C++: Polymorphic cloning and the CRTP (Curiously Recurring , when you define the virtual clone() function in Vehicle as returning an object of type Vehicle, you can override the function in the derived class  Invalid covariant type with CRTP clonable class c++,multiple-inheritance,crtp,cloneable,covariant I'm trying to implement a Clonable class with the CRTP. However, I need to have abstract class that have a pure virtual clone method, overridden by child classes. To make this happen, I need the clone function to return a covariant return type.

Cannot create a proper clone method with shared_ptr – Musing , This requires a feature called covariant return types, which C++ class overriding the virtual function with a different return type. of those 'static_cast' statements will inevitably perform an invalid cast. Take a look at the clonable template in the above code. Using CRTP may solve this in some cases:. c++,multiple-inheritance,c++98,covariant. TL;DR Overriding foo in class D. foo methods can not covariant due to unrelated X and Y return types. Neither, can not overload due to different return types but same signature. Explanation Let's clean up the code to a smaller snippet with same issue: class X {}; class Y {};

GotW-ish: The 'clonable' pattern – Sutter's Mill, CRTP solution is probably the easiest, but most(all?) solutions here suffer from easy to forget issues: 1) the base class needs to have a virtual  Covariant Return Types and Smart Pointers. Covariant Return Types is language feature which allows you to change return type of your virtual function to covariant type ie. pointer to derived class instead of pointer to base class - see example below:

Using CRTP with virtual inheritance - c++ - android, Every node must be clonable but I don't want to write clone method to every node​. So I use CRTP. class Node { public: Node(){} Node(Fill*) { } virtual ~Node() Is there a way to overcome the bug, and still have covariant types is clone method? be syntactically invalid and has no meaningful semantics with regards to C++. As you can see, the concrete class is now free of clutter. This effectively adds a polymorphic and covariant clone() to a hierarchy of class. This CRTP is the foundation of our general solution: Every next step will build upon it. Multiple Inheritance: Variadic templates to the rescue. One complication of OO hierarchies is multiple inheritance.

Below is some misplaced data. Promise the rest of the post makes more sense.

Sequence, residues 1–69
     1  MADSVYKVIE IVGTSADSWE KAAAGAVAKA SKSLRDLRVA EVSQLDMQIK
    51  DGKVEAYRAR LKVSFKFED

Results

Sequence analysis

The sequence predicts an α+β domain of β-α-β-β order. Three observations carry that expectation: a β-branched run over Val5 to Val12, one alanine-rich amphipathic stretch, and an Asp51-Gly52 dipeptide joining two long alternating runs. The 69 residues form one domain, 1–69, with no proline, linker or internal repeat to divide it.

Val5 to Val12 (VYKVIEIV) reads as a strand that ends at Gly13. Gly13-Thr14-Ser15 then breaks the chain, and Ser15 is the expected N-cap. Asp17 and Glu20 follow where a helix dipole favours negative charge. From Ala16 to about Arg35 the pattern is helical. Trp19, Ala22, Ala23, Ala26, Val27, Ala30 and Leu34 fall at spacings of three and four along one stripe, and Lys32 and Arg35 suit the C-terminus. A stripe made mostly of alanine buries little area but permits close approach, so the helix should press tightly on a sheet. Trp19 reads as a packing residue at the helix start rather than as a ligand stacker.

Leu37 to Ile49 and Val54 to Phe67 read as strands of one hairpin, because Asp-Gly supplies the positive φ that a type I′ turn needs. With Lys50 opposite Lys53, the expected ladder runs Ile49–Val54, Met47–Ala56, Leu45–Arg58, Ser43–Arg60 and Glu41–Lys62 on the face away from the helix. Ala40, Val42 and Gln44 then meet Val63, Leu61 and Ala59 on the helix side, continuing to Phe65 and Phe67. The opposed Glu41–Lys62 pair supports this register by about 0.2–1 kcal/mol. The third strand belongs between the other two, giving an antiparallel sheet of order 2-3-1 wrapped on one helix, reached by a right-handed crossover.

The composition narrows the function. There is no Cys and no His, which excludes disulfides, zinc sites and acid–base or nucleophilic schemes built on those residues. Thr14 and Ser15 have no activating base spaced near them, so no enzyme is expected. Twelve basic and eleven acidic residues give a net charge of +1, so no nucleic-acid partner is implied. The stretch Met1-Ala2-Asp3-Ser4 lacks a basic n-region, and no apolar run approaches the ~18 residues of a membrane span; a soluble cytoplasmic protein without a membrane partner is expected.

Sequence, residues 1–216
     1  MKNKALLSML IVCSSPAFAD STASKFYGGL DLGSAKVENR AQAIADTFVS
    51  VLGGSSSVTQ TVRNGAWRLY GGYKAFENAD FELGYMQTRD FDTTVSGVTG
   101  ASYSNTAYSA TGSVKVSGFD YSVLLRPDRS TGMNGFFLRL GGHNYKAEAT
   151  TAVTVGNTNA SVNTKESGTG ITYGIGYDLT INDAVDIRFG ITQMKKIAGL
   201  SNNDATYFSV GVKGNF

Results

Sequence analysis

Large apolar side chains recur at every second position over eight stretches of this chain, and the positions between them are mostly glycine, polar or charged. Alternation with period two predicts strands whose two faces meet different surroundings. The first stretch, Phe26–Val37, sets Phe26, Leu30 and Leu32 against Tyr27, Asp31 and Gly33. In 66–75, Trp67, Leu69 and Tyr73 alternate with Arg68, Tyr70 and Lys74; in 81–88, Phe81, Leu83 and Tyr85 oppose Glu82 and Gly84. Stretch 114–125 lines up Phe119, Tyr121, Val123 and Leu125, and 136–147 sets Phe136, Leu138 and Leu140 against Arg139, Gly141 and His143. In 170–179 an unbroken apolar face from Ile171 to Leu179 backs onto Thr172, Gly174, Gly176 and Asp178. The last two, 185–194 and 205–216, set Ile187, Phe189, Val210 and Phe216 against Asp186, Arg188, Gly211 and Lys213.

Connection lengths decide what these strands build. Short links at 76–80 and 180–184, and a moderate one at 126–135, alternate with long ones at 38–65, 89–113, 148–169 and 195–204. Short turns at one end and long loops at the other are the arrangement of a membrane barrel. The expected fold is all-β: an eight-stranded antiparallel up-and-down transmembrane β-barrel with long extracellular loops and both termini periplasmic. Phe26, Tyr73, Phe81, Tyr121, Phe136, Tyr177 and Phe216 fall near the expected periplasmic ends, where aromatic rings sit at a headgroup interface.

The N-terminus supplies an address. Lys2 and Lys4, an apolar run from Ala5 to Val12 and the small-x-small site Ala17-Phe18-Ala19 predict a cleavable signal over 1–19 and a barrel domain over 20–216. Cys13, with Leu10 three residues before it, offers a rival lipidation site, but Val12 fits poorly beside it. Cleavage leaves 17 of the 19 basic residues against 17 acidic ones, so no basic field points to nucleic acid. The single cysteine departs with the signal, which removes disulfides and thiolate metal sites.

• Do you really need AbstractClonable? Why? I'm really curious. Are there legitimate use cases? You can clone it, and what would you do with the result? Clone it again?
  • Yes. If I have a collection of A and A is abstract and I need to clone each object, I need something that says that I need to implement clone in subclasses. Since A is abstract, it cannot inherits from Clonable, because of the new in the clone function. I came up with AbstractClonable.
  • shouldn't virtual inheritance take care of that?
  • AFAIK, the virtual derivation just removes the "duplicate" base from the picture. I don't think it makes this construction work.
  • B is a child of A and A is a child of AbstractClonable. And we can see that B is a child of the class Clonable<B>, which is a child of AbstractClonable. B is related to AbstractClonable two times. How's that B is not a child of AbstractClonable?
  • B is a child of AbstractClonable, but when first constructing Clonable<B>, B is an incomplete type, and Clonable<B> is not seen as a child of AbstractClonable. I don't think the compiler can successfully fully define B without first trying to resolve its base classes. I have to say I am not 100% sure of this. Related (but without an accepted answer)
  • It certainly not the semantic I was looking for, but it will do the trick I guess
  • Yes it returns a B*, and it's my goal! Shouldn't they be valid covariant types since B inherits from AbstractClonable?
  • Since there is a multiple virtual inheritance involved casting from B* to AbstractClonable* requires additional code to be emitted. This code will perform base class lookup using pointer to a virtual base class. If you call clone() method using a pointer to AbstractClonable compiler probably is not able to perform typecasting properly. So I don't think B* and AbstractClonable* can be considered covariant.